Some people wonder why I worry about the Trump administration’s move to ban bump-fire stocks (“Bump-Stock-Type Devices” BSTD). After all, they aren’t really useful for anything practical. They’re inaccurate, unstable. Why we’d be…
“ft”: “Bottom line, our country would be better off without Bump stocks or the really stupid trigger cranks.”
If this were a move to specifically ban bump-fire stocks or trigger cranks on product safety grounds (unstable, inaccurate, etc.) you’d see a lot less opposition to it. But if you read the language of the Notice of Proposed Rulemaking [NPRM] (and every submitted bill I’ve tracked down so far), that isn’t what is being addressed. It is clearly and explicitly a “problem” of “rate of fire,” in that these devices — training wheels — assist the shooter in merely approaching the semiautomatic firearm’s theoretical rate of fire. (In the case of bump-fire, by using recoil to let the trigger reset, for the next manual operation.)
The NC sheriff candidate, who was criticized for his “cold, dead hands” joke remark (why the assumption that he was joking?), stated earlier in that meeting that he wants to ban anything that allows any firearm to “fire in rapid succession.” That’s what this proposed rule allows, too.
“I think we need to ban the sale of any mechanism that will allow a firearm to fire in rapid succession. And the reason why that’s the terminology that we need to use in our statutes is somebody out there is going to be able to develop some mechanism of some kind that is going to be able to fire in rapid succession.” (emphasis added-cb)
— R. Daryl Fisher, March 7, 2018
Anyone know why paper cartridges for muzzleloaders were invented? Pouring powder, and patching and ramming a ball are slow. Using a cartridge increased “rate of fire.”
Remember the British — Revolutionary War period! — Ferguson rifle? As a self-priming breechloader, it greatly increased… rate of fire.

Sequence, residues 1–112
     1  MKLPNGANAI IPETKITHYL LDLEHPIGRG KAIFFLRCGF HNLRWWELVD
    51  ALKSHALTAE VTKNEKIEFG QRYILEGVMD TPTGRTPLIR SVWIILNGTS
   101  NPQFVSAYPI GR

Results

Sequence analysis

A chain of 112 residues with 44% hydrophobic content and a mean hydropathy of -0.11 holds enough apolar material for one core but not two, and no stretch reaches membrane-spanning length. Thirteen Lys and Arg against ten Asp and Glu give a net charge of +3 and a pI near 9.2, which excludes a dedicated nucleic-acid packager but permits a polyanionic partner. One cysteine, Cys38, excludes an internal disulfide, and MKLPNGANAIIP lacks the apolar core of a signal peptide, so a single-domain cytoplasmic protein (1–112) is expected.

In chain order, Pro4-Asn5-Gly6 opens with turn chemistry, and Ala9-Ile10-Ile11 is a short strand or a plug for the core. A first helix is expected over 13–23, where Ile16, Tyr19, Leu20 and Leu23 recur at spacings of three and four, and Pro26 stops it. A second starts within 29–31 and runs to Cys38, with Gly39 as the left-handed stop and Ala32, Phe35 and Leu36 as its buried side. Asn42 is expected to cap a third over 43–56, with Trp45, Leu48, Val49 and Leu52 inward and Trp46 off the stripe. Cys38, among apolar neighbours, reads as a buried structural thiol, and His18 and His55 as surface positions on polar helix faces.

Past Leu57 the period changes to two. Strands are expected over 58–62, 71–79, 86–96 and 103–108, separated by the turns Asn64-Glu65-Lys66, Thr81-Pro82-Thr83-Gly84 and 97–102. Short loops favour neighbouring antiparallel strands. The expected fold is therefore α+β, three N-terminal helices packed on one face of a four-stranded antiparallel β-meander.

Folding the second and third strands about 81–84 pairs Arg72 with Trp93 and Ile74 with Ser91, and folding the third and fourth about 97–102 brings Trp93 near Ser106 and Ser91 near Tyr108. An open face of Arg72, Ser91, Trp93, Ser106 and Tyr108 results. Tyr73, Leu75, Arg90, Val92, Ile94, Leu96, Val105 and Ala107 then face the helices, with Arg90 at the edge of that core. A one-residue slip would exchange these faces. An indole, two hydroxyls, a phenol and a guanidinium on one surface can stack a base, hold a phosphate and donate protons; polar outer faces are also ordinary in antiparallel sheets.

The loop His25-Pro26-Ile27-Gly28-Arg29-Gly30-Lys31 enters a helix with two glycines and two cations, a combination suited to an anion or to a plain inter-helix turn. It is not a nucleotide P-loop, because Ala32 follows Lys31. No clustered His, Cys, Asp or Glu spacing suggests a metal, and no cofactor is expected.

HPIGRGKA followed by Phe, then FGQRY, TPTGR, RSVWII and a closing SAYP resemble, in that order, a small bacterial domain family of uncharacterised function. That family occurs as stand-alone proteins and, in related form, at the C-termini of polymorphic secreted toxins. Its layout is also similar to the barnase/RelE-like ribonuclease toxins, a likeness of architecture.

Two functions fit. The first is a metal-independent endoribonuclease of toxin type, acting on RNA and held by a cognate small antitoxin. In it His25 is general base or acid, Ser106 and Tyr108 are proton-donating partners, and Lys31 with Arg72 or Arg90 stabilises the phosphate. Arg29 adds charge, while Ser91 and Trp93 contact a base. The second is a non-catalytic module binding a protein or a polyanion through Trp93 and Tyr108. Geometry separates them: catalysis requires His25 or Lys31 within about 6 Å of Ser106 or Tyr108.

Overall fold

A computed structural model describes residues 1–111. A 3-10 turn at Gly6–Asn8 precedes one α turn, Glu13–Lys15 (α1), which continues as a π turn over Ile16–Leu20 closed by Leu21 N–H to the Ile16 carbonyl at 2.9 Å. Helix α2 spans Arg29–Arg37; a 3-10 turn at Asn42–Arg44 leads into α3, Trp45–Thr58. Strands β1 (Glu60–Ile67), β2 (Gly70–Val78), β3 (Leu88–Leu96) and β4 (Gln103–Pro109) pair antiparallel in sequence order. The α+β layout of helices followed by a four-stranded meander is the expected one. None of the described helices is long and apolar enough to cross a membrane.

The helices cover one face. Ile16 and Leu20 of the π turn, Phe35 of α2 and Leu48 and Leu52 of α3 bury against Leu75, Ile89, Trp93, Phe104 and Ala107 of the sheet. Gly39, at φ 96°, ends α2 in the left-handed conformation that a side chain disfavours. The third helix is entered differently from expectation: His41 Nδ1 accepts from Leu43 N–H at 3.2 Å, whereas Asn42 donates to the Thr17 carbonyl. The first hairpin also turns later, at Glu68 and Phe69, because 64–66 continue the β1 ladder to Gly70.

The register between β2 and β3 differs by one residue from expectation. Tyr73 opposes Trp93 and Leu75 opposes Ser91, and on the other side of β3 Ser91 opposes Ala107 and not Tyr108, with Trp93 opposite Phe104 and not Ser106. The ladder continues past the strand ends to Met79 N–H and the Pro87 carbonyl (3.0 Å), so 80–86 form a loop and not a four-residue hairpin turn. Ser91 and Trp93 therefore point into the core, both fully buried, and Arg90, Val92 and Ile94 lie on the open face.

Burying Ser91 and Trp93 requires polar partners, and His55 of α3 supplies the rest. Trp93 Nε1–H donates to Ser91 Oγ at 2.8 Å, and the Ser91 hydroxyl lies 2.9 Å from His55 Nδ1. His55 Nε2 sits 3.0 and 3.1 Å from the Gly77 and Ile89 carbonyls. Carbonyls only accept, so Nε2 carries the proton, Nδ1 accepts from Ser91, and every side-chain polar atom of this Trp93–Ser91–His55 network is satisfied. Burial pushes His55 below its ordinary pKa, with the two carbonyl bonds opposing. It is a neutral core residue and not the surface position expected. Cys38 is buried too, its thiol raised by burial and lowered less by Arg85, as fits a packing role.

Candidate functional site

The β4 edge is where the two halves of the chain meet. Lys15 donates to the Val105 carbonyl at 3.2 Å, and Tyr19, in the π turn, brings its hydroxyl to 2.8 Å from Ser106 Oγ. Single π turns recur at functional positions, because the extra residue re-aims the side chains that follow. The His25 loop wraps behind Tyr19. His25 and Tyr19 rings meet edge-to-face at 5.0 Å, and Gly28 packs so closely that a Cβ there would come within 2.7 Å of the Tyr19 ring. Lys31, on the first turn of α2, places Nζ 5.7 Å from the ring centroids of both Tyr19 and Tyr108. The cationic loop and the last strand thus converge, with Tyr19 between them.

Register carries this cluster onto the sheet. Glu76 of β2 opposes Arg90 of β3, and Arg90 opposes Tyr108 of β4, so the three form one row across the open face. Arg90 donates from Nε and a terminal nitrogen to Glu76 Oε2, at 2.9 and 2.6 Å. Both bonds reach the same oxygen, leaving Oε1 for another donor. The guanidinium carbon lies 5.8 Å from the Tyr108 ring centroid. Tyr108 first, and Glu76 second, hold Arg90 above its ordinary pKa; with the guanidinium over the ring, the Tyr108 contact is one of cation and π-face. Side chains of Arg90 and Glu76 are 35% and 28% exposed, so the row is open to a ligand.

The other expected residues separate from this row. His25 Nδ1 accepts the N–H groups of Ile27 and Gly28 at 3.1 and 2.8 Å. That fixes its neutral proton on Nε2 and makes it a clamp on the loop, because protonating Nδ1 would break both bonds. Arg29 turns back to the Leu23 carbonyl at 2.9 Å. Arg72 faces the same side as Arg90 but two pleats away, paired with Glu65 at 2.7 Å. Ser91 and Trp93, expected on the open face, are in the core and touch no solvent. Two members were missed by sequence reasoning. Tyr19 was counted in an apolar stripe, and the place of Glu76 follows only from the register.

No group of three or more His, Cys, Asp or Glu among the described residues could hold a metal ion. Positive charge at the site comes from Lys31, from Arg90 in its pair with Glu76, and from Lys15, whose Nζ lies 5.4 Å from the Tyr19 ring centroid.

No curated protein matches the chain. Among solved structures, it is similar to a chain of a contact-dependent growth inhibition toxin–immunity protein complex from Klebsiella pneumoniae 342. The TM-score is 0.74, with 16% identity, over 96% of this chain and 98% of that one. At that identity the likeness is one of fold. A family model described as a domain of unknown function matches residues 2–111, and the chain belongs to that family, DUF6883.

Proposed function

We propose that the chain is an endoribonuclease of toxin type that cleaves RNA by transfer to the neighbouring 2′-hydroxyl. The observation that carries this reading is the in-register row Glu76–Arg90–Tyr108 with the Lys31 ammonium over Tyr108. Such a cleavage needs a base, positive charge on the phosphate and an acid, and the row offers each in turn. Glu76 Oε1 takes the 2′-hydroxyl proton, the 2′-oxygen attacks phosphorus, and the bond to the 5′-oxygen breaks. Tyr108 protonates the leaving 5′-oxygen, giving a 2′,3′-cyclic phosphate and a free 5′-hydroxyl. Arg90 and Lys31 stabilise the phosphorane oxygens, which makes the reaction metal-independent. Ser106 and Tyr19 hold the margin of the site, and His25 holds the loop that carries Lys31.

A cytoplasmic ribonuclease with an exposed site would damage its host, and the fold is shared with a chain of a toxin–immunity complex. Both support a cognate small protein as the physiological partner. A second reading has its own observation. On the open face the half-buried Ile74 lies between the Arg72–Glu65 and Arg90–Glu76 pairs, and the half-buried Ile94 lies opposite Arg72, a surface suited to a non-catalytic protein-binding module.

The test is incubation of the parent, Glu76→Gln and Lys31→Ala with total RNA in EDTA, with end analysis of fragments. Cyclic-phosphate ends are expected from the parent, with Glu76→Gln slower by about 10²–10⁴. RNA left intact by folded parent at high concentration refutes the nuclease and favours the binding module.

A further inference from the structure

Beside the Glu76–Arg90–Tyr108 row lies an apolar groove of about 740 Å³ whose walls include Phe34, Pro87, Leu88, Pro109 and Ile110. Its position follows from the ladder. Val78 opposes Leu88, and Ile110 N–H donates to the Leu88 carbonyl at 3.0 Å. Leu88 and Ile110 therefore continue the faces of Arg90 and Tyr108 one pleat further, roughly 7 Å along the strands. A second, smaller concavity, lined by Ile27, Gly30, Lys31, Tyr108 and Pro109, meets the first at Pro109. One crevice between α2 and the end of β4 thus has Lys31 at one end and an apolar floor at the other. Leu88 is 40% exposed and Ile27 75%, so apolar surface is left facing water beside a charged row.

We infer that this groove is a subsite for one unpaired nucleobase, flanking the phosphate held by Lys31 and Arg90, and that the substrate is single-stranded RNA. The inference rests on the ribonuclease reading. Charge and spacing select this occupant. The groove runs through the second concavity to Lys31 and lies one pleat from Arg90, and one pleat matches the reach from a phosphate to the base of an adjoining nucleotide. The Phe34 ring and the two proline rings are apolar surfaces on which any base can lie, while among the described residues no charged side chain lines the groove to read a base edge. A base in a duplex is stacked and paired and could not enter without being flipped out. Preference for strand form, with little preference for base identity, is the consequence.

Minié ball? Easy to load; increased rate of fire.
In short, this NPRM, and the intent of the gun controllers, is a camouflaged ban on semiautomatic firearms. Doubt it? Read the NPRM language, and ask yourself how “President Hillary Clinton” would read and apply the rule.
Still doubt that “rate of fire” criteria is what the victim disarmers have in mind?
Some useful criteria
In the Las Vegas shooting, Stephen Paddock used guns that had a rate of fire of 9 rounds per second and magazines holding 60-100 rounds each. With these weapons, Paddock was able to kill dozens and wound hundreds in minutes. If the devastation Paddock caused with his weapons is equivalent to what he could have caused with M16s or M4s, then the weapons he used should be banned from civilian use. This is why I believe using rate of fire and magazine capacity are the most useful criteria for identifying what weapons are or are not protected by the 2nd Amendment. (emphasis added-cb)
Well, any magazine with a capacity greater than one is going to increase “rate of fire” over a single-shot. Or a musket.
“Rate of fire” is the new tactic from the gun grabber playbook to ban semiautomatic firearms. After all, what duck hunter needs anything but a double-barrel (apparently muzzleloaded) shiotgun> What deer hunter needs more than Granpa’s old bolt-action musket?